Plato had a number of concerns regarding the integrity and utility of a poet and the morality of poetry as an art-form itself. In his dialectic Ion, Plato describes a discussion between Socrates and the titular Ion, an award winning rhapsody of Homer’s epic poetry. Ion claims that Homer’s poetry is superior to all other poetry and that he is the only person who can properly incite the intended emotional response from a crowd due to his perfect understanding of the source material and his nonpareil method of reciting it. Socrates, ever the cynic, goes about deconstructing each of Ion’s assertions, bringing them into question.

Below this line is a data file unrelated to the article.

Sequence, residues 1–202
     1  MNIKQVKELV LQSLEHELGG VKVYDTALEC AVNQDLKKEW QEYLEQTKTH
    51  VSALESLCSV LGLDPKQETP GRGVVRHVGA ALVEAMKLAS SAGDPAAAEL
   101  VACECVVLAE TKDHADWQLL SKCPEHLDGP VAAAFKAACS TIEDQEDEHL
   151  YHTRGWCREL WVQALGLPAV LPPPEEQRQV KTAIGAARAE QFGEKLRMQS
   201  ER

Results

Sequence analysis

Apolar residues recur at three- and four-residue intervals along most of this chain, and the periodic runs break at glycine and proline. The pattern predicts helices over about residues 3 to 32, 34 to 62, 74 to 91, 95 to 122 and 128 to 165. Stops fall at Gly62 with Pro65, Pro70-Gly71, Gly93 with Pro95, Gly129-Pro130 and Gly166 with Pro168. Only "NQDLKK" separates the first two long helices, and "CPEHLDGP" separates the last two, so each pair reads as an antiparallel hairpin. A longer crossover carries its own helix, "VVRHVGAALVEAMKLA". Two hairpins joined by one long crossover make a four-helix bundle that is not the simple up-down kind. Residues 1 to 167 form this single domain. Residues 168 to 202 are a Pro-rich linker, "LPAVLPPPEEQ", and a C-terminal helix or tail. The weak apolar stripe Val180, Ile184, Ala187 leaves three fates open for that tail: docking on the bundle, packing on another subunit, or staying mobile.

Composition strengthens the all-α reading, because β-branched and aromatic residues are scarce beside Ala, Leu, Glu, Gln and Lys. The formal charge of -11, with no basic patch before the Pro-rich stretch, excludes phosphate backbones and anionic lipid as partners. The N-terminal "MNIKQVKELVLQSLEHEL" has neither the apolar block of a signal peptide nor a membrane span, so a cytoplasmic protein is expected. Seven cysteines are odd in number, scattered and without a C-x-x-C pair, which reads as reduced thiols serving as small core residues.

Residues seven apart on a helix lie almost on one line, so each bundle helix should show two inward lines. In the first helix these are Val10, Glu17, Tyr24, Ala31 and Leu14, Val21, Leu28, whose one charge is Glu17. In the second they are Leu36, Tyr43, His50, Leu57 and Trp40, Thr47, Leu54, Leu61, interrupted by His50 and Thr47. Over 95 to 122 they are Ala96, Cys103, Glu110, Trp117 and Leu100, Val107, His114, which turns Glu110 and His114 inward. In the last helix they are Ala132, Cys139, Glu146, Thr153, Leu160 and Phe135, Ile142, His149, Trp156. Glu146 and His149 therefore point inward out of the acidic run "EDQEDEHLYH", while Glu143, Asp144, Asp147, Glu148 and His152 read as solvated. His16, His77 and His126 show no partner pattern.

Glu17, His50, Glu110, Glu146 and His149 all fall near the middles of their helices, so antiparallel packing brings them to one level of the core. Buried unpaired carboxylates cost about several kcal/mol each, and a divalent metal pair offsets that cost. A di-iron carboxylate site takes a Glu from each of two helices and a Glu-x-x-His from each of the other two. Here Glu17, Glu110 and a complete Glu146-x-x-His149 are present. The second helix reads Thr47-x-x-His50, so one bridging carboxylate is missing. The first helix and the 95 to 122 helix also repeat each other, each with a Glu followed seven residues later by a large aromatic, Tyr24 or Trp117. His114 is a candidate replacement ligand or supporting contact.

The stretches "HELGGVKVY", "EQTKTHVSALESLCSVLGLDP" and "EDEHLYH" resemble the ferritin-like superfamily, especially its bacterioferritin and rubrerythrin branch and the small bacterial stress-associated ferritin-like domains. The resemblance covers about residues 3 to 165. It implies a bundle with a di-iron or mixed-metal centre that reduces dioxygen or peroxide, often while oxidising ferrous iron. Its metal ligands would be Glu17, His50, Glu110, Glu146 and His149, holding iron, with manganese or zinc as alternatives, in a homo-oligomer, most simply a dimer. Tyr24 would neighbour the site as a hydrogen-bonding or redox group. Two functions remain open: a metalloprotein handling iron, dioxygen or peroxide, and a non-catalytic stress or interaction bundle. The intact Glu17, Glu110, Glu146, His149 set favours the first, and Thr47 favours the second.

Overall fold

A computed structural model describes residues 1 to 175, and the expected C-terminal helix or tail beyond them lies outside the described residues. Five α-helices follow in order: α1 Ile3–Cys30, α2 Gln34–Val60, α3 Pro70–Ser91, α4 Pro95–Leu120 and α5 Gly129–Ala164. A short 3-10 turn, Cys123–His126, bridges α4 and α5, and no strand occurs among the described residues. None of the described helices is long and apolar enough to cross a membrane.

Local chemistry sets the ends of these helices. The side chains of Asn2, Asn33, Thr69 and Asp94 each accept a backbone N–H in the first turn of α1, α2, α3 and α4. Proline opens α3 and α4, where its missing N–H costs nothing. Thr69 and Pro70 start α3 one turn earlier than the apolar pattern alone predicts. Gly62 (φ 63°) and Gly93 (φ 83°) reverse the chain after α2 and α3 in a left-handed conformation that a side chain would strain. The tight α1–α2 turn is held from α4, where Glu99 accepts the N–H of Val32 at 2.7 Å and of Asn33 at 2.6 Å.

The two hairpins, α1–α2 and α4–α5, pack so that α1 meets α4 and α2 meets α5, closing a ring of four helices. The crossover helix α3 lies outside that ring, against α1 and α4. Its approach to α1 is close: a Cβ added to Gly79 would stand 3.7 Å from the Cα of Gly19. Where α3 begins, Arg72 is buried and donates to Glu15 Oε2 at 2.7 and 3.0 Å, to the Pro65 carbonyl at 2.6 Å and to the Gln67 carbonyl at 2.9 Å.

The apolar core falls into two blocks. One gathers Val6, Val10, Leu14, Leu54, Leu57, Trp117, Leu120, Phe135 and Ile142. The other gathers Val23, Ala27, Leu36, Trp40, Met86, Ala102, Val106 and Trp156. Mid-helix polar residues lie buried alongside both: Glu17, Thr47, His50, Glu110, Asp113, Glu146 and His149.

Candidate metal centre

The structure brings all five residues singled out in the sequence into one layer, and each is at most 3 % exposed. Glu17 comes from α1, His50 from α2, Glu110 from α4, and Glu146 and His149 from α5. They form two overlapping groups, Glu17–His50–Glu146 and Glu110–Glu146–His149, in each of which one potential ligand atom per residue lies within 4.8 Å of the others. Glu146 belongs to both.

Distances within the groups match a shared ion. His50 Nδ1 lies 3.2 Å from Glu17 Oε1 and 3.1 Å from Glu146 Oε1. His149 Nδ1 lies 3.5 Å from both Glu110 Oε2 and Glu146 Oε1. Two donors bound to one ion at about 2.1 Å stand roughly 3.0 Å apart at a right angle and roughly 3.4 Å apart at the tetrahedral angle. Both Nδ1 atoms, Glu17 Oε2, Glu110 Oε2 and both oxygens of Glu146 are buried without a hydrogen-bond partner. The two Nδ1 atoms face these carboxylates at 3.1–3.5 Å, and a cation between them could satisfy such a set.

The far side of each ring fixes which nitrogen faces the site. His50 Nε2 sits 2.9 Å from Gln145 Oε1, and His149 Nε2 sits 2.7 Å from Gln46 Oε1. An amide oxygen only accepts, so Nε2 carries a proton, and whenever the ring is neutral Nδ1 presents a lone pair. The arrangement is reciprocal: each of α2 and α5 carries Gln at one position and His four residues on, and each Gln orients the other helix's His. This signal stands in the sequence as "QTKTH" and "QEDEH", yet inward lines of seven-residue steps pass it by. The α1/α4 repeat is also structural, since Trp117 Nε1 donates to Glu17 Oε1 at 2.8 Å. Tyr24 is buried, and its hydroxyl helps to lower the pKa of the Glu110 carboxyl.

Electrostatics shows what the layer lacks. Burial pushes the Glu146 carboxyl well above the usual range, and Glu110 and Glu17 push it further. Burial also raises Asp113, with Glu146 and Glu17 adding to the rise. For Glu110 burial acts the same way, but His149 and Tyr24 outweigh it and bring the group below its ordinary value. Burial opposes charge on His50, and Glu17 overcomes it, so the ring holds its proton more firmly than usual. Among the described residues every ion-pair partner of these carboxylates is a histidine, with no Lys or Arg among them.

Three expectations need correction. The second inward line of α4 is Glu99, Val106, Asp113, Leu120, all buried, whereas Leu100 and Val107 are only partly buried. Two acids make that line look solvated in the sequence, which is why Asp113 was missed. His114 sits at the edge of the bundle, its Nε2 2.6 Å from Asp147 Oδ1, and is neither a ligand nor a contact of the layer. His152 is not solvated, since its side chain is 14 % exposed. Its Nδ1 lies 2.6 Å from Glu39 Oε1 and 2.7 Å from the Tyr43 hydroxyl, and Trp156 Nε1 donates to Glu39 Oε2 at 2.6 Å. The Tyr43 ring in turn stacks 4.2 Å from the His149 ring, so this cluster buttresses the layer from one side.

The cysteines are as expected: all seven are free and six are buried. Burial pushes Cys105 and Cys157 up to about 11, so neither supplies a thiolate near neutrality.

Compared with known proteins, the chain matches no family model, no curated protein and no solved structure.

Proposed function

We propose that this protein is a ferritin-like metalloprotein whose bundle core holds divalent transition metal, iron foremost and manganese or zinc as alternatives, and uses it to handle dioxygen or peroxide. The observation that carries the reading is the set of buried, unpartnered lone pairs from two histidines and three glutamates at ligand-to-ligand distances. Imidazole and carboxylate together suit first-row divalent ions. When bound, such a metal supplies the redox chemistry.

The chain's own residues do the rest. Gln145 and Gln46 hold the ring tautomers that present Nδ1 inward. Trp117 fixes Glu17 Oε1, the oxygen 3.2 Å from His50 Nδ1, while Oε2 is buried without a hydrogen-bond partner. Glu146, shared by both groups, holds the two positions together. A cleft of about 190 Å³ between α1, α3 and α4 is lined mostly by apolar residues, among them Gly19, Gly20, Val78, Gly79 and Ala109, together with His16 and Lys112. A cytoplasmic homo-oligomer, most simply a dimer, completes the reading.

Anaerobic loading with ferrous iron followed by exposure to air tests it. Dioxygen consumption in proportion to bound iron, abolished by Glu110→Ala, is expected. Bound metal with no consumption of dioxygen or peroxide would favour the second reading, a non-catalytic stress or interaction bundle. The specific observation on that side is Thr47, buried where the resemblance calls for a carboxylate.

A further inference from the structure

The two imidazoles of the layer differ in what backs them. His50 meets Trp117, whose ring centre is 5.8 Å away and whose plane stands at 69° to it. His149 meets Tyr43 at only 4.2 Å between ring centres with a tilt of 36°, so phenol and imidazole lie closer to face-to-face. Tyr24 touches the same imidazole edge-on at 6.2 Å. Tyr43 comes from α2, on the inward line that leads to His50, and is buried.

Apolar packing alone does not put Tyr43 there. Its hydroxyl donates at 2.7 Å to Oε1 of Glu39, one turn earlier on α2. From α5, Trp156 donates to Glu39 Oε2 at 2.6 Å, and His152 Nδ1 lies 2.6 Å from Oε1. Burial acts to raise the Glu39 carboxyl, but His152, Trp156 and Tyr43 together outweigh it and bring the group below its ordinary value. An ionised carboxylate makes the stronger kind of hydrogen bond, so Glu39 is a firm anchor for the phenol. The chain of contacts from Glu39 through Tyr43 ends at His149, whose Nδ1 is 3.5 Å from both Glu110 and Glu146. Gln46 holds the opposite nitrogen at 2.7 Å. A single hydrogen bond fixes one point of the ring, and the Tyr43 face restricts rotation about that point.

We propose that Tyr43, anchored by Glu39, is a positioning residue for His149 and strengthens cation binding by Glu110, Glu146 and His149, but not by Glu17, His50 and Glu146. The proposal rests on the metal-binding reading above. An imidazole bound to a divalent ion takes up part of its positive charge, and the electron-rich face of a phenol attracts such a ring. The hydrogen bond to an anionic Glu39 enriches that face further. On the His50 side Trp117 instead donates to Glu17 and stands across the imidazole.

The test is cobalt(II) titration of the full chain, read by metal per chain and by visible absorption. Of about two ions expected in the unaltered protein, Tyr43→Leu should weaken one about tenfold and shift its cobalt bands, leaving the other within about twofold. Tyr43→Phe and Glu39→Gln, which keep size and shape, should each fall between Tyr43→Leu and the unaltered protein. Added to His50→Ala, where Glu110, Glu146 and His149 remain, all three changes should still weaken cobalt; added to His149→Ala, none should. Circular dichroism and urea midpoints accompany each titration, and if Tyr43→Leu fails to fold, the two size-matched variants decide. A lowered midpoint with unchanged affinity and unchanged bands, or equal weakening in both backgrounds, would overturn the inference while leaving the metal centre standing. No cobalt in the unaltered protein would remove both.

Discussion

Ion claims that he is a first-rate explicator of Homer’s works and that the works of any other poet, no matter how great, only pale in comparison. Socrates postulates that if Ion truly is an exegete of Homer, he must therefore be able to perfectly explain what the poet meant. Throughout his poetry, Homer describes many subjects that are concerned with specific provinces of specialisation, such as the art of war or the leading of nations. Homer, not being an expert in many of the fields he writes about, cannot verifiably lay claims to such specific fields of knowledge. Therefore, Ion’s claims are unfounded in that there is no way he is able to define as to how Homer was a superior poet to other greats, such as Hesiod, who themselves spoke of similar matters of esoteric knowledge. Hence, Ion, however earnest the encomiast, cannot claim to know precisely what Homer intended in his works, for Homer himself was in no position to provide honest information. What results, then, is a facilitation of a lie that is easily consumed by the masses with the intention of seeking applause and validation. Socrates sees this as an obfuscation of truth and one that appeals only to the baser nature of better men who look to indulge in the extravagances of entertainment rather than moral duties (such as, in typical Socratic lore, the intellectual pursuit of philosophy).